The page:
Wilkie also alleged the church paid for another couple’s shopping sprees, including $16,000 for custom skateboards. And he said the church passed out cash gifts, including $15,000 for one pastor’s birthday, $36,000 for another’s 30th anniversary, and $10,000 each to two external pastors who investigated allegations that Brian Houston sent inappropriate texts to a woman who worked for the church and spent time alone with her in a hotel room in 2019.
The revelations made a splash in the media and shocked some of the estimated 150,000 people who attend the 30 Hillsong locations worldwide, but it came as no surprise to the church’s inner leadership.
The information was part of a court-ordered mediation in a federal case brought by an ex-Hillsong employee. Two Australian media outlets have named the employee as Natalie Moses, who worked for two years at the Sydney headquarters in fundraising and governance.
She reportedly claimed that she was suspended from her job for providing information to the Australian Charities and Not-for-profits Commission, the sector’s federal regulator, and that the church practiced “illegal and unethical” accounting. The church has denied any wrongdoing. Wilkie’s speech came in the final days of mediation.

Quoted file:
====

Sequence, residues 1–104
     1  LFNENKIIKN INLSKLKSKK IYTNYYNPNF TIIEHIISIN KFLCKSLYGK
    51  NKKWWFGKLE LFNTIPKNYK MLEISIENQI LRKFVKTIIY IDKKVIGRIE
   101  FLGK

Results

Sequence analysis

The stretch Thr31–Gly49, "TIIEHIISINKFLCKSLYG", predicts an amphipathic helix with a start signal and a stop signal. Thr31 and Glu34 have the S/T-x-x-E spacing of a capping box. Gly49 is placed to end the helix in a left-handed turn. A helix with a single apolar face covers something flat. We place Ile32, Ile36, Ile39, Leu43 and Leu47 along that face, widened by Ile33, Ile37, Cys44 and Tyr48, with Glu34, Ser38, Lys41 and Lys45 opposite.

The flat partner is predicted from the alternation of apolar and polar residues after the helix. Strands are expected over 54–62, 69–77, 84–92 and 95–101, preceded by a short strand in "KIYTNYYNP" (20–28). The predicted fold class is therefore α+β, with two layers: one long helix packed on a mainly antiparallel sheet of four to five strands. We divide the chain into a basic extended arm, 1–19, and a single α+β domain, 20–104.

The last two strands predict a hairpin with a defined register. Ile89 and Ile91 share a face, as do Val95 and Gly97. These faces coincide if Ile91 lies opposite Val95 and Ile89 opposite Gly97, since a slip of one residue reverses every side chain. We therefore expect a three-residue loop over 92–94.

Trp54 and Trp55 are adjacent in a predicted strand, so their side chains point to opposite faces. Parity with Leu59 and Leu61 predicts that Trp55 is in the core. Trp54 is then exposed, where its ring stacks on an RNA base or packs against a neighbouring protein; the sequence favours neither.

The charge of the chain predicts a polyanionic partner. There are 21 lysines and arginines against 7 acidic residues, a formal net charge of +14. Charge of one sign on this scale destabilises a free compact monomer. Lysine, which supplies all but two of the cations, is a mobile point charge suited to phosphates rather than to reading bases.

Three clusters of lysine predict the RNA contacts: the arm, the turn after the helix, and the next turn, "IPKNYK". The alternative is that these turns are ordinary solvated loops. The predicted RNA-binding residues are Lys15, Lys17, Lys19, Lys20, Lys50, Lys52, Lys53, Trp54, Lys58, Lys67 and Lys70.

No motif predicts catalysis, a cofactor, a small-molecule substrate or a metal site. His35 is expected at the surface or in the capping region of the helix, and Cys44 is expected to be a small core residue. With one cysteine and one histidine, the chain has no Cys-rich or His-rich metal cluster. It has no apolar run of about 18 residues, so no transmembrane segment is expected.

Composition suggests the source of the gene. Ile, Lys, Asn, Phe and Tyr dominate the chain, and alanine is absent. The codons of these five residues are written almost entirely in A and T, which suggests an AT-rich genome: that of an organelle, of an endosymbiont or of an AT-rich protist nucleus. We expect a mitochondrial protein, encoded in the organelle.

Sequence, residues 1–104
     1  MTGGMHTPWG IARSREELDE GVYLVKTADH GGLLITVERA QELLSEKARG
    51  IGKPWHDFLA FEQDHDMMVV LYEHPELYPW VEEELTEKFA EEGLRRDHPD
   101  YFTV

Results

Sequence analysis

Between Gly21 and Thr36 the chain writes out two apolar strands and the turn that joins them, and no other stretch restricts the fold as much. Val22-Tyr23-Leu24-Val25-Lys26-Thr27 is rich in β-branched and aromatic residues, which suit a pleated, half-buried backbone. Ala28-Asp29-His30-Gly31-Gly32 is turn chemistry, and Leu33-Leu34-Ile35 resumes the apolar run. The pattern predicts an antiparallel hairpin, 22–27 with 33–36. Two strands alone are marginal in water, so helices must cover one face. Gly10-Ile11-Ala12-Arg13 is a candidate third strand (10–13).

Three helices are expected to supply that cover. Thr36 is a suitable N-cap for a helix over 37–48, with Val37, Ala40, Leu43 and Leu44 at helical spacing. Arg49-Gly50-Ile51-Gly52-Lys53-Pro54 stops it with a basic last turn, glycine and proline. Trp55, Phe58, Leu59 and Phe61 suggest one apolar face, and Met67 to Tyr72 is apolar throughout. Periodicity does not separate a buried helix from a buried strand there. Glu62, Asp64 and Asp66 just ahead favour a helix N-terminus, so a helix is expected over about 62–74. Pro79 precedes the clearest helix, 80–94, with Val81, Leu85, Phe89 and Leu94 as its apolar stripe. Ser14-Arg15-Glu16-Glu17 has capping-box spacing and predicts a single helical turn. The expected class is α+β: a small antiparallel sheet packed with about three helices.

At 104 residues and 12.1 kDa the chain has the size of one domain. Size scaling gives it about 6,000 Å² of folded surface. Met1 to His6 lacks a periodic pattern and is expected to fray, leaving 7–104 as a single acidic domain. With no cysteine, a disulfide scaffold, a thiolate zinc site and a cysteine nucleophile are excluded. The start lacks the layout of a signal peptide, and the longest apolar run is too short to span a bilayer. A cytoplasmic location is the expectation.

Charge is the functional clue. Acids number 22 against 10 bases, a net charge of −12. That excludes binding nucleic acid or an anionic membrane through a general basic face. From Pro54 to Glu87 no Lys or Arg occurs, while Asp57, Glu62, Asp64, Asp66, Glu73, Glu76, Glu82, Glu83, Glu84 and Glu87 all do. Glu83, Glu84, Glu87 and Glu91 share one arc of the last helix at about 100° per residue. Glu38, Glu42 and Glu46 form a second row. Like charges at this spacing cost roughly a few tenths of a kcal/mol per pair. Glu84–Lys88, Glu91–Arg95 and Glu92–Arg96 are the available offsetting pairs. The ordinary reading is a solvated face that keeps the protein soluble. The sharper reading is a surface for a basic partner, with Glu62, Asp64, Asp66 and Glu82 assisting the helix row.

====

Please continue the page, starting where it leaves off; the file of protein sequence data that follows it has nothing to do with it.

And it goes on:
In response to the public disclosure in parliament, Hillsong’s board chair Stephen Crouch told a Sunday service that the church has commissioned a forensic financial accounting. Grant Thornton, an international firm, will look at the court documents.
Crouch promised the report would be released publicly but did not set a timeline.
The church also took the opportunity to say the new leadership is going in a new direction.